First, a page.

Italy Reinforces Its Criminal Legal Framework to Target Crimes Affecting the Interests of the European Union
July 31, 2020
On July 30, 2020, Italian Legislative Decree no. 75 (the “Decree”) went into effect, introducing amendments to the Italian Criminal Code (“I.C.C.”) and a new set of criminal offences in the context of corporate liability under Legislative Decree no. 231 of June 8, 2001 (“Decree 231”), among which a number of tax crimes.
Decree implements Directive (EU) 2017/1371 (known as the “PIF Directive”) aimed at tackling fraud and other illegal activities affecting the financial interests of the European Union by further harmonising criminal law regulations among Member States.
In sum, the Decree:
- includes a new set of offences against public authorities to the list of crimes that trigger corporate liability under Decree 231, in addition to tax offences;
- increases penalties for a number of criminal offences negatively affecting the financial interests of the European Union;
- introduces criminal liability for embezzlement and all bribery offences involving non-EU public officials to the extent they may negatively affect the financial interests of the European Union;
- introduces criminal liability also for fraud committed against public entities of the European Union;
- restores criminal liability for serious customs offences and increases related penalties;
- amends the rules on the control of community aid for the production of olive oil.
The Decree expands the list of crimes that may trigger liability for companies under Decree 231, including:
- fraud in public procurement
- abuse of office (art. 323 I.C.C.), embezzlement (art. 314, paragraph 1, C.C. and art. 316 I.C.C.) to the extent they may negatively affect the financial interests of the European Union;
- fraud (art. 640, paragraph 2, no. 1 I.C.C.) and computer fraud (art. 640-ter I.C.C.) against European public entities;
- agricultural fraud (Law No. 898/1986) as well as smuggling (D.P.R. 43/1973) in order to challenge misappropriation or wrongful retention of funds or assets coming from the EU or EU-managed budgets.
The Decree also introduces various amendments to the Italian Criminal Code.
Specifically, it increases penalties for individuals responsible for the below criminal offences to the extent they negatively affect the financial interests of the European Union and related damages or profit are greater than €100.000:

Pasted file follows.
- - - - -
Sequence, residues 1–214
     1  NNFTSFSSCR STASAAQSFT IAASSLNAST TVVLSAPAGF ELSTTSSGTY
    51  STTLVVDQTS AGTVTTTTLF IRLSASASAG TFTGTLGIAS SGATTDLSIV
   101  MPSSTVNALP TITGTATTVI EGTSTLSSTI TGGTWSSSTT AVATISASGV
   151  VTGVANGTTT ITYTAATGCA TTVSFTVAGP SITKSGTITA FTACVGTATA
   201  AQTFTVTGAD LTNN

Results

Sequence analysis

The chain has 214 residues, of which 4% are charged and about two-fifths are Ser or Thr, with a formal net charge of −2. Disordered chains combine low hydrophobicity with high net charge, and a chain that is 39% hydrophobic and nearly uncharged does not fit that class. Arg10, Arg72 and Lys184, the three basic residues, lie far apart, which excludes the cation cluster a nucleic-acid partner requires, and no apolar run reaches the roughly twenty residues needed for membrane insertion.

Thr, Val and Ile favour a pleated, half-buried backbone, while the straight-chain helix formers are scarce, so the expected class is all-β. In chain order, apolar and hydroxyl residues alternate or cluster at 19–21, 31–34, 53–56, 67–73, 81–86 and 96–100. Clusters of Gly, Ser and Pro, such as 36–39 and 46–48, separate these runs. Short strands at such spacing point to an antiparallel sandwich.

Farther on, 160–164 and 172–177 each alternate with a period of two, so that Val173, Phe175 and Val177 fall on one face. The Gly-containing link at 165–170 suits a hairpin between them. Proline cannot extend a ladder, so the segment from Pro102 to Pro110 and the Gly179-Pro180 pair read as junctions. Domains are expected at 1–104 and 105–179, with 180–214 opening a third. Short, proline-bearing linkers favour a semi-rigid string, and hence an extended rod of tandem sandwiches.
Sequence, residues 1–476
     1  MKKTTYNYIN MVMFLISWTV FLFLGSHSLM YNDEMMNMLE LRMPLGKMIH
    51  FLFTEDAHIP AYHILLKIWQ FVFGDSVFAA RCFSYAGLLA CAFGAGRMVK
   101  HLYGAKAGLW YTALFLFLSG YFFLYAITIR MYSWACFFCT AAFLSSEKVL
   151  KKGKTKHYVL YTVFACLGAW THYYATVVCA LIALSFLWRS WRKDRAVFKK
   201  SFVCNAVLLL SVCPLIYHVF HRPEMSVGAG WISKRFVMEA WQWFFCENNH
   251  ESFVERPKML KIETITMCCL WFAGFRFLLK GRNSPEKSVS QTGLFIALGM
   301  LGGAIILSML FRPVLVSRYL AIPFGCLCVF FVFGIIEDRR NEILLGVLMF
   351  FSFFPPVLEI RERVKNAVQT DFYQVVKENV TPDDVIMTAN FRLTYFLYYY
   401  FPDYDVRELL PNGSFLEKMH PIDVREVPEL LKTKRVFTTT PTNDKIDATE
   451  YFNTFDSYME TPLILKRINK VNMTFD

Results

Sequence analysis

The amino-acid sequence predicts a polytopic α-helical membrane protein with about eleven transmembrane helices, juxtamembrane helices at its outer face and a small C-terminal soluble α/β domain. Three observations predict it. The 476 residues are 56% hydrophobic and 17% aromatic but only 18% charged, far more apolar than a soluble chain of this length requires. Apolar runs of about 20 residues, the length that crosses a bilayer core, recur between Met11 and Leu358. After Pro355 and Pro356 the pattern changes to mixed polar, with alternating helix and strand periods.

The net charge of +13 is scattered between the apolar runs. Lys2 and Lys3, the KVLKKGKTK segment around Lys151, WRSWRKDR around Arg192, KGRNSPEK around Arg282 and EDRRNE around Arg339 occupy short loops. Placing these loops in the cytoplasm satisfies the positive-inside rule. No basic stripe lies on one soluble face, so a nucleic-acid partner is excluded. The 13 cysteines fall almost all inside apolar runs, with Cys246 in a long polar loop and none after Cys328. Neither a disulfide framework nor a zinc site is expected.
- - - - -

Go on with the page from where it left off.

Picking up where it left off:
- embezzlement (art. 316 I.C.C. 316-ter);
- undue receipt of funds (art. 316-ter I.C.C.);
- undue solicitation to give or promise money or value committed by a public official (art. 319-quater C.C.)
Furthermore, the Decree extends criminal liability to embezzlement and all bribery offences involving foreign public officials to the extent they negatively affect the financial interests of the European Union, as well as fraud committed against public entities of the European Union, and not only against the Italian State.
With respect to international trade, the Decree also restores criminal liability for customs frauds in excess of €10.000 and introduces aggravating factors for the offence of smuggling in case the amounts exceed certain specified thresholds.
Amendments have also been made to the rules concerning the control of Community aid for the production of olive oil (Law No. 898/1986). The Decree provides for an increased penalty in case of disclosure of false data or information in order to obtain undue aid, premiums, compensation, refunds, contributions or other payments coming in full or in part from the European Agricultural Guarantee Fund or the European Agricultural Fund for Rural Development.
Since under Decree 231, the adoption and effective implementation of a compliance model suitable (“adequate”) to prevent crimes of the same kind as that committed may shield from liability, companies should carefully review their existing programs to reflect all the new updates to Decree 231 and set up an adequate management system to prevent the new offences included therein.
In light of these developments, for example, companies should consider to update policies and procedures to ensure that any activity requiring interaction with EU public entities is subject to robust anti-fraud controls and to issue training or other internal guidance to individuals who are exposed to the risk of commission of the new offences included.
 For further information, see Cleary Gottlieb Alert Memorandum, Italy Enlarges Corporate Criminal Liability to Encompass EU VAT Frauds (July 27, 2020), available at https://client.clearygottlieb.com/72/1803/uploads/2020-07-27-italy-enlarges-corporate-criminal-liability-to-encompass-eu-vat-frauds.pdf.